“For non-severe COVID-19 patients, WHO recommends against its use, while it should only be used within clinical trials for severe and critical COVID-19 patients,” the WHO announced.
Convalescent plasma therapy involves using the blood plasma of patients who recovered from COVID-19 to treat others actively ill with the disease, in an effort to prevent disease progression and help them recover more quickly.
It was believed that the antibodies contained in the blood plasma of recovered COVID-19 patients may provide passive immunity for those taken ill with the disease, by neutralizing the SARS-CoV-2 virus.
“Despite its initial promise, current evidence shows that [convalescent plasma therapy] does not improve survival nor reduce the need for mechanical ventilation, and it is costly and time-consuming to administer,” the British Medical Journal (BMJ) said in a press release late Monday.
Based on 16 Randomized Controlled Trials
The new recommendation has been published in the BMJ and was developed by the WHO Guideline Development Group (GDG), a panel of international scientists, which said their decision was informed by 16 randomized controlled trials (RCTs) involving 16,236 patients with non-severe, severe, and critical COVID-19.
“The included RCTs enrolled non-pregnant women and men,” the GDG said in the medical journal. “The GDG had no reason to think that children or pregnant women with covid-19 would respond any differently to treatment with convalescent plasma, and the GDG therefore inferred that children and pregnant women should not receive the intervention either.”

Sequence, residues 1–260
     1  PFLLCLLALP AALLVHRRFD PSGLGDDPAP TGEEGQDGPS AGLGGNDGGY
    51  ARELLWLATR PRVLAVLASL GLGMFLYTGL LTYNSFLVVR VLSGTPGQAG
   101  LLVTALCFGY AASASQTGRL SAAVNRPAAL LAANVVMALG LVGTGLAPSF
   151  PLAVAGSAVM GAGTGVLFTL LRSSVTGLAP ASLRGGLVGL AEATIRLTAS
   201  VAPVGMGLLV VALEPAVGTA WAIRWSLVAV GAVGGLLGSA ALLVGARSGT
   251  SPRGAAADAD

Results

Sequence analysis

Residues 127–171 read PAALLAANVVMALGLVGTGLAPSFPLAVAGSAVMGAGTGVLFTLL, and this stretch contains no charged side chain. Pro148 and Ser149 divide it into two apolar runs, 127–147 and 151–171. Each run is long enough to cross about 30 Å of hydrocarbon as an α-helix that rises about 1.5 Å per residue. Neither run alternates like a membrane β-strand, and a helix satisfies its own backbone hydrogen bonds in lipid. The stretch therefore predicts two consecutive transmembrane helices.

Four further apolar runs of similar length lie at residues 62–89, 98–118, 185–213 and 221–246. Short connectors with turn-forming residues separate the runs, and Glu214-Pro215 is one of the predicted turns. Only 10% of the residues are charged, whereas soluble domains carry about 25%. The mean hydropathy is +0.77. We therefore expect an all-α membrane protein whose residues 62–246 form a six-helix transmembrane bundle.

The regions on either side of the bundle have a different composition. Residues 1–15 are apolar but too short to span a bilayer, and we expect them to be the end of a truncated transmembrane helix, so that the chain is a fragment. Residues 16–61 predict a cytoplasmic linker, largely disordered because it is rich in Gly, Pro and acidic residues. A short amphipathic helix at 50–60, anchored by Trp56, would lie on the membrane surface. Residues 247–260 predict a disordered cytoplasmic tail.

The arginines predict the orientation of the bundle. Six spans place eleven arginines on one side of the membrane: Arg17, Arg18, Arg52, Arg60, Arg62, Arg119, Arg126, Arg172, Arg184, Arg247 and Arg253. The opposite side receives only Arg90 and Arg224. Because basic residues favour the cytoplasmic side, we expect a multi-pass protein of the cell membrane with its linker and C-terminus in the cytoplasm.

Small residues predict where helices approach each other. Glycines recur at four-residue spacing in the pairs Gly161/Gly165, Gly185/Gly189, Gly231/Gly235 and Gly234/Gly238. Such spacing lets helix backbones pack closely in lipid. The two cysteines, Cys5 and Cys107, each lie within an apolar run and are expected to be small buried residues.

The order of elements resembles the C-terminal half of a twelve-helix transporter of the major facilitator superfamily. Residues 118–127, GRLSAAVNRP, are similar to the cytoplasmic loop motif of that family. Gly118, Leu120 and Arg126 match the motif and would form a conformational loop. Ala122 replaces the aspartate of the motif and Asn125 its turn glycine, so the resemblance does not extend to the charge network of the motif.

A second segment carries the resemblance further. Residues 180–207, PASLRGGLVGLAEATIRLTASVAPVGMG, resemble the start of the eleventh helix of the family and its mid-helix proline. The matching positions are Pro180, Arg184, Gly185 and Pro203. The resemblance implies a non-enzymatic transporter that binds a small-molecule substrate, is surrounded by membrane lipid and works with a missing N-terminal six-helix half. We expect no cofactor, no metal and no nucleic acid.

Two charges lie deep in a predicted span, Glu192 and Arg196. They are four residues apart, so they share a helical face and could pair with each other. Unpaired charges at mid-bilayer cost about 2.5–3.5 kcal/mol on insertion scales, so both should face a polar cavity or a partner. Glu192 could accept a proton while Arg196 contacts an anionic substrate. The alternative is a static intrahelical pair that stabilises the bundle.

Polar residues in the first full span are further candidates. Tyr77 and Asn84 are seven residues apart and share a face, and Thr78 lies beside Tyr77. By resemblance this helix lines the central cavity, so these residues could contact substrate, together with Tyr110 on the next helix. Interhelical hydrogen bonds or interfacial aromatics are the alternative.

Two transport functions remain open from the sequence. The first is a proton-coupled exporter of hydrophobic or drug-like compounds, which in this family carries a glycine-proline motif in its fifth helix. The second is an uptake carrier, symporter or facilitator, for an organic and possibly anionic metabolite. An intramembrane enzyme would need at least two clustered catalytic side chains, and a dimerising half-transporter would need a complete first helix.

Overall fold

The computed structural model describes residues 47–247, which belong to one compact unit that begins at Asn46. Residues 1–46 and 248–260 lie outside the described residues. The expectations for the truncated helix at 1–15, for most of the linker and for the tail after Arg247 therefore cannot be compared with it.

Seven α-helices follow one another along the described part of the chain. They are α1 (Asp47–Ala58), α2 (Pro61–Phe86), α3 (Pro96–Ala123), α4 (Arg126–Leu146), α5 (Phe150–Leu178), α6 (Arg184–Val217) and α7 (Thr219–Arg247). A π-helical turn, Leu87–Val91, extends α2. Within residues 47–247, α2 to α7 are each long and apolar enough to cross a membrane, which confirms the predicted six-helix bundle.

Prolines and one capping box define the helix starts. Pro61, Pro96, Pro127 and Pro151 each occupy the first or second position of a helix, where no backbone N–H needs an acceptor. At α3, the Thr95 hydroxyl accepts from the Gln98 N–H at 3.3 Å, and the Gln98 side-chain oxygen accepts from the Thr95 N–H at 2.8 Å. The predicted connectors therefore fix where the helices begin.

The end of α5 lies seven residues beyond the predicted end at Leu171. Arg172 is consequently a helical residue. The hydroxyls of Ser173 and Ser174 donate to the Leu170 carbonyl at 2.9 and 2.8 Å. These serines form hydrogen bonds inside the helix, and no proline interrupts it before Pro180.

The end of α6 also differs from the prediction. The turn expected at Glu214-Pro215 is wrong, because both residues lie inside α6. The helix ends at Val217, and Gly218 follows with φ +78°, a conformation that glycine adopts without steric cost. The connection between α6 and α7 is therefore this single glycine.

The GDG said “there was no benefit demonstrated in any of the critical or important outcomes for non-severe covid-19” cases that had convalescent plasma therapy, and thus the group “did not see any justification for the resources (including time and cost) that would be associated with administration of convalescent plasma.”
It added, “The GDG believed that, although convalescent plasma should not be used in any severity subgroups as part of routine care, there was sufficient uncertainty in patients with severe and critical illness to warrant continuation of RCTs.”
The panel of scientists noted that “although it is not demonstrated in the evidence summary, there is always a potential for harms with blood product transfusion.”
Those with severe or critical COVID-19 should receive both corticosteroids and IL-6 receptor blockers, the GDG recommended. And in select cases, severe or critical COVID-19 may be treated with neutralizing monoclonal antibodies, the panel said.